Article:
Dr. Sean Dunne presented research at conferences in Dublin, Ireland and Cambridge, England.
Dr. Sean Dunne, Assistant Professor of Sociology at Shawnee State University, presented
research at conferences in Dublin, Ireland and Cambridge, England during the month
Dunne’s first presentation was at the 12th European Association for Sociology of Sport Conference held at the Royal College of Surgeons in Dublin, Ireland from June 10 to June 13. He presented a paper titled, “#WeAreTrayvonMartin: The racially packaged NBA commodity and the fatal shooting of Trayvon Martin.”
Dunne’s presentation utilized Walter Benjamin’s concept of the dialectical image to contextualize racial narratives in the contemporary United States. It examined techniques employed by the National Basketball Association (NBA) in the racial packaging of its product, which includes the selection of commentators, the content of commentary, the NBA’s dress code and the NBA’s minimum age requirement. The paper incorporated the NBA's commodification of black masculinity within a dialectical image that also includes written and visual texts found within the reactions to the fatal shooting of Travyon Martin. This dialectical image is used to illuminate tensions that carefully packaged racial narratives, such as those found in the NBA, attempt to keep hidden. The presentation concluded by asking if the recent resurgence of athlete activists in American professional sport is indicative of a medium expressing its transformative capabilities, or if it merely represented a revised method of producing foggy mist for decaying aura.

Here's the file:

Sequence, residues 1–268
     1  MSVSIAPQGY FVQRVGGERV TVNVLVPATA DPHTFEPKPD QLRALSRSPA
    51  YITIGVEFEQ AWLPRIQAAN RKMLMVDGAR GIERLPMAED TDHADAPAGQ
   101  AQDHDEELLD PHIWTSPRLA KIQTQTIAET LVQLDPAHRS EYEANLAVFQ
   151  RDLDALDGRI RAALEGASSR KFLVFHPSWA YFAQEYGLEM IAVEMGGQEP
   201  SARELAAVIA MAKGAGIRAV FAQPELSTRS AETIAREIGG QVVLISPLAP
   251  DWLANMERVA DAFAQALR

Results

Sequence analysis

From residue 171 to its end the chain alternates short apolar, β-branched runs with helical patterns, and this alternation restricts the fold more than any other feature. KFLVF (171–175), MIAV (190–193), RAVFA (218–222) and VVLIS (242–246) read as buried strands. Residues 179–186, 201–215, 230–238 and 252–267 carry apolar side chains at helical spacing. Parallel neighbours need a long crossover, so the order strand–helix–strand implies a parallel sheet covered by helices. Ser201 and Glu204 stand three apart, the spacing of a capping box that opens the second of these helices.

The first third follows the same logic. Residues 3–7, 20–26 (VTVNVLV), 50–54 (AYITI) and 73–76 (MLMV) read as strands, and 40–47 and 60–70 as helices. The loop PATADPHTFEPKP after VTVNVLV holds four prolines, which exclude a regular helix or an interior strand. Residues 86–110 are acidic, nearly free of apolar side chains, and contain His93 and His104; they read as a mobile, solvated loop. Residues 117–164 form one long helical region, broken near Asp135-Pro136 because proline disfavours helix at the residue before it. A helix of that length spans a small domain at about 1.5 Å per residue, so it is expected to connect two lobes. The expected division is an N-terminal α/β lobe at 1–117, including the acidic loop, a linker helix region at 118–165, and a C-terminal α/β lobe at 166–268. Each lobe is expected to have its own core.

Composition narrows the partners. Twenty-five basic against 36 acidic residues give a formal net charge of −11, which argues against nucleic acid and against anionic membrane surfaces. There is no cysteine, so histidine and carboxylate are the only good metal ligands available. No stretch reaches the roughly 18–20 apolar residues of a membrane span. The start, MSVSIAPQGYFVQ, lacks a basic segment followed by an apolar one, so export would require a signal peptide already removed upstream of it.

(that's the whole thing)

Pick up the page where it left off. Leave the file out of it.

Dunne then traveled to the annual conference of the International Social Theory Consortium at Cambridge University in Cambridge, England from June 18 to 19 and presented another paper titled “Deconstructing Natural Death: Reconstructing Death as a Socioecological Outcome.”
This presentation sought to deconstruct the use of “natural death” in a discussion that will identify historical developments and social institutions that condition formal and informal definitions of death. Situating “natural death” within legal and medical discourses opens it up to a critical interrogation that exposes the assumptions that are required for the continued use of the phrase. By contrasting “natural death” with “unnatural death,” and by questioning “natural life” and “unnatural life,” this presentation will not aim to substitute a “social death” for a “natural death.” Instead, it proposed to eliminate the use of the phrase “natural death” and reconstruct the conceptualization of death as a collaboration of soicoecological actants. This reconstruction refuted the implied “naturalization” of leading causes of death, as it includes history, institutions and society in the understanding of heart disease, cancer and chronic lower respiratory diseases. Dunne’s presentation concluded by suggesting how revised conceptualizations of death can assist in critical understandings of life in contemporary society.